Social Security is a defined benefit pension plan sponsored by the federal government, financed primarily with dedicated contributions of workers matched by their employers.  Social Security has no borrowing authority and so does not and cannot contribute to the federal deficit.  And it will be in balance for the next 26 years, even with no policy changes.  (emphasis added).

The American Prospect

But, of course, that isn’t the whole story.  The rest of the story is that after 30 years of subsidizing the wealthiest Americans with the payroll taxes paid by the poor and the middle class, the bill is about to be presented and wealthy Americans don’t really want to pay that bill.  Of course, if they are allowed to skate on this it will be the greatest transfer of wealth from the poor and the middle class to the rich in the history of . . . well, forever, but is there any doubt that the odds are with the wealthy on this one? 

Obama Planning to Strong Arm Liberals Over Debt Talks?

It increasingly looks like President Obama intends to use the debt ceiling negotiations to force through some sort of deficit-reduction plan, and that this plan will mostly focus on reducing government spending.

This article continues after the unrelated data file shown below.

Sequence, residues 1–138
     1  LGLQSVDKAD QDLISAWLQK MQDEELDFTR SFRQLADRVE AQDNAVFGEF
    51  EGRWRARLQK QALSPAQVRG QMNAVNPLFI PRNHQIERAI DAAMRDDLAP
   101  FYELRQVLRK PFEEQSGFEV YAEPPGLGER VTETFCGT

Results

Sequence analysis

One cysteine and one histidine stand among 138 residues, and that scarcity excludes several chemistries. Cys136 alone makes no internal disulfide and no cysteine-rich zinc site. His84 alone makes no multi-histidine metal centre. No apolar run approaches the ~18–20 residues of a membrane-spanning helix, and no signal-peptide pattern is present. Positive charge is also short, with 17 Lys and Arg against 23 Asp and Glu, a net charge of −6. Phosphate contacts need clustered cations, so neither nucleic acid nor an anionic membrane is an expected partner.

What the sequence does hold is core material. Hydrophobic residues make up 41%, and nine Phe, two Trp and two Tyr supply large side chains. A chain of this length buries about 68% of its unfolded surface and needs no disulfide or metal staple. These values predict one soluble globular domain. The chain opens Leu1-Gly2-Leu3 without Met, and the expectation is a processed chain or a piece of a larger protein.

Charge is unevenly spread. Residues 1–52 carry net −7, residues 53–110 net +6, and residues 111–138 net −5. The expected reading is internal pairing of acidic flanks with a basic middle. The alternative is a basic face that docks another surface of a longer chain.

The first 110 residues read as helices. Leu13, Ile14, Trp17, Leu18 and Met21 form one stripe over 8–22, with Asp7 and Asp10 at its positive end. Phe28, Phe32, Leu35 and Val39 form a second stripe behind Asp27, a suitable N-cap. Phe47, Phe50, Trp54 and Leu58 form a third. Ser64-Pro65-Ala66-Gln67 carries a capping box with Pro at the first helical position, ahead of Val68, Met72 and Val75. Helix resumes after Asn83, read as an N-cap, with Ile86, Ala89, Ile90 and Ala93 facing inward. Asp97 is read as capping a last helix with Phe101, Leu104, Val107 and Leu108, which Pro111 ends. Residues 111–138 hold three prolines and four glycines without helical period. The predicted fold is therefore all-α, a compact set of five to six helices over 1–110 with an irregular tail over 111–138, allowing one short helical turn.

For a long time I had been hoping that Obama was playing some kind of advanced 11th-Dimensional chess with Republicans for political purposes, but the Treasury Department’s recent announcement that the 14th Amendment does not provide a “silver bullet” for circumventing the debt ceiling fairly clearly indicates that Obama intends to strong-arm some kind of deal within the next few days.  And that the people he may be intending to strong-arm are liberal Democrats.

Friday, July 8, 2011

You Lose the Right to Your Treasure When You Lock it Away

I came across this amazing story last night in the Asia Times Online about the discovery of $22 billion worth of treasure in an Indian temple -- and what should be done with it.  As Raja Murthy puts it, the question presented is:  "Who owns this ancient wealth of the gods:  priests or the people?"